On many occasions former President Bill Clinton has given crowds a simple verbal test to affirm their ideological tendencies. If they believed that life in America got better because of the protests of the sixties then they are likely to be Democrats. If they believed that life got worse because of those struggles they were more likely to have become Republicans.
Unbeknownst to many at the time, our forty-second President was drawing a line in the sand and asking the voters to choose their colors. His call to duty was for citizens to pick their party, pick their preferred constitutional amendments, and stand behind the new guards of these selected liberties.
The question that needed to be asked at the time is this: Why is he asking us to choose sides? Why must citizens of the United States split their loyalties? What would motivate a national leader to dichotomize his constituents into separate warring factions? The answer turned out to be both personal and political. It takes 51% of the electorate to vote a President into power. Politically, Clinton was taking an accurate count of his front line soldiers and knew exactly how many were needed to secure his victories. On the other front, Clinton's father abandoned him at an early age in his life. Personally, his unresolved need to be loved by his father manifested as unpredictable behavior, including several affairs and a begrudging rebellion against the Greatest Generation.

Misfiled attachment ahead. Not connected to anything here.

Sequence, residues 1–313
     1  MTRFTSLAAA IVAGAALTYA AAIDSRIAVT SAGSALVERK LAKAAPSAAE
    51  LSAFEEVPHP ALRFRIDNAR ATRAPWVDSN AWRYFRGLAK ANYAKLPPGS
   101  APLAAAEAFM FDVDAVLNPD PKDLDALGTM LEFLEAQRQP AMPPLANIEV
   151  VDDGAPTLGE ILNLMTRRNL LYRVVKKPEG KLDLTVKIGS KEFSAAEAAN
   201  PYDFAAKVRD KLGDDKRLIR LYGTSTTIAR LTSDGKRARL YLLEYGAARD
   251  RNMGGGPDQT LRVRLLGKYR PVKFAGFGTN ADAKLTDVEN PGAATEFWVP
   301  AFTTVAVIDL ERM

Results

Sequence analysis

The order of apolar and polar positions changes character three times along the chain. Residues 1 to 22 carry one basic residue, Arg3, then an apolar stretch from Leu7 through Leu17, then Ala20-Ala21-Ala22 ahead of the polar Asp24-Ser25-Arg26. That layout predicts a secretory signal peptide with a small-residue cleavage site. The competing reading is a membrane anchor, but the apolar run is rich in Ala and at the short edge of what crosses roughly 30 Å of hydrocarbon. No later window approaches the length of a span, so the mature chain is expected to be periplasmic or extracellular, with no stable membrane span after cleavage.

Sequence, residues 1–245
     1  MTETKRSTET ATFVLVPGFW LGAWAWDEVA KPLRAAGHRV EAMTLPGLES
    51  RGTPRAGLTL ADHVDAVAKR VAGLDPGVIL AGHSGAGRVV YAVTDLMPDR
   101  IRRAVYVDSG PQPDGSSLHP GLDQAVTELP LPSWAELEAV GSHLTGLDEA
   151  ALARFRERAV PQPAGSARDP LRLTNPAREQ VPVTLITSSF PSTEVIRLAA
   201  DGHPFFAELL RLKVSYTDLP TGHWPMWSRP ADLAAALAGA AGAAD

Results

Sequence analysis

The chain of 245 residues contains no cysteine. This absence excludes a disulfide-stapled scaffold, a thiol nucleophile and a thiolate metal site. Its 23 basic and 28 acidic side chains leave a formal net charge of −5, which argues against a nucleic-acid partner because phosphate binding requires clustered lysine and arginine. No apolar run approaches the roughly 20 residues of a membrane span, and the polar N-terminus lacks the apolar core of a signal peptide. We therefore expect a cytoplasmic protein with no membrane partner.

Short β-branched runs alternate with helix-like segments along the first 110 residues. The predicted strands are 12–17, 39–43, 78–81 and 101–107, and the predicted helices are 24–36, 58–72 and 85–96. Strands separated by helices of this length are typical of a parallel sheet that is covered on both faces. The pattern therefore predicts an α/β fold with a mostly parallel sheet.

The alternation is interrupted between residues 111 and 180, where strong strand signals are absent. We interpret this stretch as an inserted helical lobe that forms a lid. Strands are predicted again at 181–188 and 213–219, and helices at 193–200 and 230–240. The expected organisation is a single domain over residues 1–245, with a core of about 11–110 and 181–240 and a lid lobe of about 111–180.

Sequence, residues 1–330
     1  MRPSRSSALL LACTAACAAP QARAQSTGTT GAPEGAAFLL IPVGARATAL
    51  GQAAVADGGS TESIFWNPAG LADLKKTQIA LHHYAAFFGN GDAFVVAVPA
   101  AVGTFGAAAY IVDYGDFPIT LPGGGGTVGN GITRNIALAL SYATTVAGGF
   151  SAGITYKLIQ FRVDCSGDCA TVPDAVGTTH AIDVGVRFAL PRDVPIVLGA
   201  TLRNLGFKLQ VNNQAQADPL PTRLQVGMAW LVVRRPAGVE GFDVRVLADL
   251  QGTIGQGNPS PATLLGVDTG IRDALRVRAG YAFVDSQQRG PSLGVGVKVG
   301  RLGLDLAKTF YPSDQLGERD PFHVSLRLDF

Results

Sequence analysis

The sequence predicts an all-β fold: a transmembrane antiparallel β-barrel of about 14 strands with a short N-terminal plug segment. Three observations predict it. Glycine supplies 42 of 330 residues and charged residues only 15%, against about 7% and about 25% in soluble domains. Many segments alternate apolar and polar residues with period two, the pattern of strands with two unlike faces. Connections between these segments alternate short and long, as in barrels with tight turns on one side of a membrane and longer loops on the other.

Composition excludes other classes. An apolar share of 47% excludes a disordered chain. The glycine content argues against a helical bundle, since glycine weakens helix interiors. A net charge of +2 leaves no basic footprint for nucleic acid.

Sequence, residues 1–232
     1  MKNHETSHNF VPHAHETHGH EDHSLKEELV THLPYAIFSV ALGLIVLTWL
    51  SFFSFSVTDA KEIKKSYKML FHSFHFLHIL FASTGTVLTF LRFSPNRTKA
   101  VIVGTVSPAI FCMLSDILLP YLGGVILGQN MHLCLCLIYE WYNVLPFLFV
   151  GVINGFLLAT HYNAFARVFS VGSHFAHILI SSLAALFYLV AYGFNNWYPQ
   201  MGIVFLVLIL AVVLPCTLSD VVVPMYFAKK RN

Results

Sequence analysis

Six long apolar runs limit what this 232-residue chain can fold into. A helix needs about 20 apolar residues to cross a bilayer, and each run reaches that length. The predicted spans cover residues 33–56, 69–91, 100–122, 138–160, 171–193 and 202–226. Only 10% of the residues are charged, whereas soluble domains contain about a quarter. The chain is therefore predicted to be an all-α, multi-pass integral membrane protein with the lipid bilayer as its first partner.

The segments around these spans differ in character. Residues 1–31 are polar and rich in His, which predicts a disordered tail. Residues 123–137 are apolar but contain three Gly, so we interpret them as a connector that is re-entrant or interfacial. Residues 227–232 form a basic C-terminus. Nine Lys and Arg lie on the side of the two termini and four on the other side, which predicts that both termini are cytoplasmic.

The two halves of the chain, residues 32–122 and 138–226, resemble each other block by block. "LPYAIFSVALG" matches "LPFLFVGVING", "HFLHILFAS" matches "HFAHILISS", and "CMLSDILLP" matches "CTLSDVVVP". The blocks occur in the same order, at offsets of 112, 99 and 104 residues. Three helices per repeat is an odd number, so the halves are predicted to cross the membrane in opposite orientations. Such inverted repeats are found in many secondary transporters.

The 1992 and 1996 elections were about us versus them. The blue versus the red, the Democrats versus the Republicans in no holds barred political combat. But underneath the surface it was parent versus child. It was eight years of rehashing Vietnam era grievances about a war that had long been over. It was a national therapy session expressed in winner-take-all legislative fist fights. After Bill Clinton fought those battles he justified the social war by claiming victory on every possible front. The baby boomers had finally taken power and they would hold it for sixteen years. Even his successor George W. Bush had unresolved problems with his father and thusly also used the 51% margin to secure his seat of power. Luckily we can learn from our misgivings and heal our resentments. In 2008 the same winds of change that once fueled partisan flag waving behind centrist Democratic leaders has shifted in a new direction with a new rallying cry and a new leader.